Tailored to fit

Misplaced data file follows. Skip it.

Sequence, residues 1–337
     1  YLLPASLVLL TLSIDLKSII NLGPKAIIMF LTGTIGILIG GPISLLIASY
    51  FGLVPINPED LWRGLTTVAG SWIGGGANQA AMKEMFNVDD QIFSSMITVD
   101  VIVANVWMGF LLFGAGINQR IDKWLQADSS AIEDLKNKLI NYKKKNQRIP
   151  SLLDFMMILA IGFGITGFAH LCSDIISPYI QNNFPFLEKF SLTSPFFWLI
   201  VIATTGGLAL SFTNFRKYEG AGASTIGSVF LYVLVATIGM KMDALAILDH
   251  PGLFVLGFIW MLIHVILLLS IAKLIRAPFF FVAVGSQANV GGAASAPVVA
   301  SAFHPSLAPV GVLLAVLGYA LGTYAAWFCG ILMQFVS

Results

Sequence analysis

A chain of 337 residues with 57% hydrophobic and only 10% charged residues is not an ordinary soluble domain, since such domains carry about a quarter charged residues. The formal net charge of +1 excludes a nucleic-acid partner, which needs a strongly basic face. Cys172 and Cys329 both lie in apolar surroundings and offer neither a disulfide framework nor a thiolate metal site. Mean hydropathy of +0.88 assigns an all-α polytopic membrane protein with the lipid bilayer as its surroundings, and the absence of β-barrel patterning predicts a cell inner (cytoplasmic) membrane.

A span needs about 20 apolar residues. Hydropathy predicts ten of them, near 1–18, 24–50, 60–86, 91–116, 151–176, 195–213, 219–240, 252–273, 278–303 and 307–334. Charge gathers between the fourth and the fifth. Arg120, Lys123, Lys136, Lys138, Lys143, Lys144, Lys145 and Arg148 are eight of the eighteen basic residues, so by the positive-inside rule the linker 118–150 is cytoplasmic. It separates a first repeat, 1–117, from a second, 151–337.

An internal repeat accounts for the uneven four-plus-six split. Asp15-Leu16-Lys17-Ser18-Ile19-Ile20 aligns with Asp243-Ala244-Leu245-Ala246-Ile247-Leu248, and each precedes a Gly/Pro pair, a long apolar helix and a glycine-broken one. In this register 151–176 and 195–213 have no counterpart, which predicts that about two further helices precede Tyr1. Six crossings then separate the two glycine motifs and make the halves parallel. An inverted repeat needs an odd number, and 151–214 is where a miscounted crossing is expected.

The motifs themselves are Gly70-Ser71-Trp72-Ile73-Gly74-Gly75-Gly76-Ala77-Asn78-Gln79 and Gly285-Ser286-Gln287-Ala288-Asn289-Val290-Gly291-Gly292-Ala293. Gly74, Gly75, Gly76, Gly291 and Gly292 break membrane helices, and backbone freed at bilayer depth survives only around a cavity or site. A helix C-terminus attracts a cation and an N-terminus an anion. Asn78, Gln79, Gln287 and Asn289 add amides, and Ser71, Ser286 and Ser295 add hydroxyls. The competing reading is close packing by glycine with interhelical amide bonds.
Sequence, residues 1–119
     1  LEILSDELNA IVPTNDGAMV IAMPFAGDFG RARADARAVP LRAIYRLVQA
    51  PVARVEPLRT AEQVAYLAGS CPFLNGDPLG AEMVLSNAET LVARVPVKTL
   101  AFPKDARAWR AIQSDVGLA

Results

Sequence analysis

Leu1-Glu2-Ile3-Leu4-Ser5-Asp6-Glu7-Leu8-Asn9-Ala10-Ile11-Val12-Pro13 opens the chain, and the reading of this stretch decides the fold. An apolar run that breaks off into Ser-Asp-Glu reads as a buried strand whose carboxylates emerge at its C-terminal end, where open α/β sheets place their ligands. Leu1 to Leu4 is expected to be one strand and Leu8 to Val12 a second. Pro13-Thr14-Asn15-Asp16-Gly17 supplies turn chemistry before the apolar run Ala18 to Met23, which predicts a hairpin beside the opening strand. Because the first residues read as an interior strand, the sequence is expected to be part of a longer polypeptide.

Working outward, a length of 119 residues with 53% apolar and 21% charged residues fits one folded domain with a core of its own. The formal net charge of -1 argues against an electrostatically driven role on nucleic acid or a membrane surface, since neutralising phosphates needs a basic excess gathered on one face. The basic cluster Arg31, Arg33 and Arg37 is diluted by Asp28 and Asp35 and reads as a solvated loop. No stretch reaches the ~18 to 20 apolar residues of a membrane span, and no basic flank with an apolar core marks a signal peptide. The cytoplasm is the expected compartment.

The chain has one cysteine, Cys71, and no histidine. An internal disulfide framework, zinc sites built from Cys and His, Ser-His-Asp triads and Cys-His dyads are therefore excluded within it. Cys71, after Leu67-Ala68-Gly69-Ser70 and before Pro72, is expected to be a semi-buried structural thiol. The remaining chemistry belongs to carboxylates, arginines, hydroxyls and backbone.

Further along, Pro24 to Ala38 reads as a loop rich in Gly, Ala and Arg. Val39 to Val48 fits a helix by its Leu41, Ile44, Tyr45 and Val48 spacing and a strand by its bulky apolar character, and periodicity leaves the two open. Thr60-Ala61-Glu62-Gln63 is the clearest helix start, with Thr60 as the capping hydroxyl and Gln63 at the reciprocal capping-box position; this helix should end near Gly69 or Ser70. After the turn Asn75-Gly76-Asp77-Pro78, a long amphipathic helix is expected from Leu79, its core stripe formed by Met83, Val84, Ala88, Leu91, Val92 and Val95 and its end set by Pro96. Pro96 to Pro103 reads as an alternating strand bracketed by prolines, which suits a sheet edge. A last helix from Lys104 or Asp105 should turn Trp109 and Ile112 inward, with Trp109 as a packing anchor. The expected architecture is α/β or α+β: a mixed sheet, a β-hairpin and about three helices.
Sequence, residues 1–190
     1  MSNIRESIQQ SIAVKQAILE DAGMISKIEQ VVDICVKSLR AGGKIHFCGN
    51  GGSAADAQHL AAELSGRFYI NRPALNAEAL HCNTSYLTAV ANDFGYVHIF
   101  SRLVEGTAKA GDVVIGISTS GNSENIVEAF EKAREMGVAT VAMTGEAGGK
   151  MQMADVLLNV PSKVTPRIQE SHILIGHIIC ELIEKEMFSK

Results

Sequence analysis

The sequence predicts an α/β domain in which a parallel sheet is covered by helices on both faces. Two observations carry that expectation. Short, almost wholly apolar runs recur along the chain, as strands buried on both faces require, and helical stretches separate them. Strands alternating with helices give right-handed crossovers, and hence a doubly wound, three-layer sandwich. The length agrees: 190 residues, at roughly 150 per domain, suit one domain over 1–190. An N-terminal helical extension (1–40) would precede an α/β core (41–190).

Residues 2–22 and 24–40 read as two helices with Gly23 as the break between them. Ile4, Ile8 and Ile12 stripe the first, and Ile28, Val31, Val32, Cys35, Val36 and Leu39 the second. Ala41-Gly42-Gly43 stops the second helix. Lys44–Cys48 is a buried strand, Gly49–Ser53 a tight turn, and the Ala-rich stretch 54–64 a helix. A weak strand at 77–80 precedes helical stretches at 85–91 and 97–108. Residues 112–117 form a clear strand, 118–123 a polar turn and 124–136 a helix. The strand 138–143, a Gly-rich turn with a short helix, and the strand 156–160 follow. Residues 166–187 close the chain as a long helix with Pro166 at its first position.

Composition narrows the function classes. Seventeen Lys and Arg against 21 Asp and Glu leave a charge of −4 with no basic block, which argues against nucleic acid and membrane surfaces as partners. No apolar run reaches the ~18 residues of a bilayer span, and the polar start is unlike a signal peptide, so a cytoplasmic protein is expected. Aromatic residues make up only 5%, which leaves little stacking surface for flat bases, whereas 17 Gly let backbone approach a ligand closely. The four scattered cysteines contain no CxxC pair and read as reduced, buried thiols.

first_imgColumbine flowers are recognizable by the long, trailing nectar spurs that extend from the bases of their petals, tempting the taste buds of their insect pollinators.New research at Harvard and the University of California, Santa Barbara (UCSB), helps to explain how columbines have achieved a rapid radiation of approximately 70 species, with flowers apparently tailored to the length of their pollinators’ tongues.Bees, for example, enjoy the short spurs of Aquilegia vulgaris, whereas hawkmoths favor A. longissima, whose spurs can grow to up to 16 centimeters.According to results published Tuesday in the Proceedings of the Royal Society B, the dramatic diversity in the length of the columbines’ spurs is the result of one simple change during development: the extent of cell elongation.“The evolutionary importance of interactions between flowers and pollinators has been recognized for centuries,” says co-lead author Sharon Gerbode, a postdoctoral fellow at the Harvard School of Engineering and Applied Sciences (SEAS).“Charles Darwin, observing orchids, recognized that the extraordinarily long nectar spur on the Angraecum must have evolved in concert with the equally long tongue of the moth that pollinated it, but the exact mechanism for this kind of adaptation has been a matter of speculation.”For more than 60 years, biologists have assumed that the length of columbine spurs was achieved primarily by cell proliferation. The new research reveals that proliferation plays almost no role at all in creating the vast diversity of Aquilegia species currently seen.In fact, 99 percent of the variation in spur length can be attributed to changes in cell shape — specifically, changing round cells into long ones.The researchers made more than 13,000 measurements to count the number of cells along the spur, as well as the area and degree of elongation of each cell.Columbines, such as Aquilegia longissima (pictured), show promise as a model organism for the study of evolution in plants because they have experienced such a rapid adaptive radiation within the past 3 million years. Courtesy of Scott A. Hodges/UCSBThey found that cell division ceases early in the development of the spur — when it is about 5 millimeters long. At that point, the general pattern for the spur has been established, and all species of columbine petals look the same. From that point on, the cells elongate to varying extents, creating diverse spur lengths across species.“The controlled elongation of cells within the petal spurs was a critical evolutionary innovation for Aquilegia, a genus that is considered to be a textbook example of adaptive radiation,” says co-lead author Joshua Puzey, a graduate student in Harvard’s Department of Organismic and Evolutionary Biology (OEB).The researchers confirmed their results through mathematical analysis and modeling, and through in vivo experiments to disrupt cellular structure. The next step will be to examine several major hormone pathways and cytoskeletal elements that are known to influence cell elongation and developmental timing.“We want to understand the genes that are responsible for both the initial evolution of nectar spurs and their subsequent diversification,” says co-principal investigator Elena Kramer, professor of OEB at Harvard.It is clear, she says, that the starting point for the spur is likely to have already been present in the last common ancestor of all the columbine species.“Now that we understand the real developmental basis for the first appearance and diversification of spurs, we can make much more informed guesses about what genes contributed to the process,” Kramer adds.“Fundamentally, these studies will help us answer questions about the genetic basis for speciation and how developmental processes evolve.”Columbines show promise as a model organism for the study of evolution in plants because they have experienced such a rapid adaptive radiation within the past 3 million years.“The fact that this occurred quite recently is incredibly useful,” says Kramer, “because it means that the species are still very similar to each other at the genetic level.”Once researchers have identified the molecular signals that drive elongation in the spurs, the hope is that they will be able to recognize and understand speciation at all levels, from genes to populations.“Aquilegia serve as a nice example of how environmental selective pressures may drive extreme morphologies — as here the flower and pollinator strive for an exclusive relationship,” adds co-principal investigator L. Mahadevan, the Lola England de Valpine Professor of Applied Mathematics at SEAS and professor of OEB and physics at Harvard. “Given that we can now manipulate spur length using externally applied drugs, our study even raises the possibility of artificially tuning that process and studying the results from an ecological perspective.”UCSB faculty member Scott A. Hodges served as co-author for the research.The research was supported by the MacArthur Foundation, the Wyss Institute for Biologically Inspired Engineering at Harvard, The Kavli Institute for Bionano Science and Technology at Harvard, the National Science Foundation (NSF), and the NSF-supported Materials Research Science and Engineering Center at Harvard.Biologists have long assumed that the length of columbine spurs was achieved primarily by cell proliferation. The new research reveals that proliferation plays almost no role at all in creating the vast diversity of Aquilegia species currently seen.The Aquilegia canadensis is pictured here. Photo courtesy of Joshua Puzey/OEBlast_img read more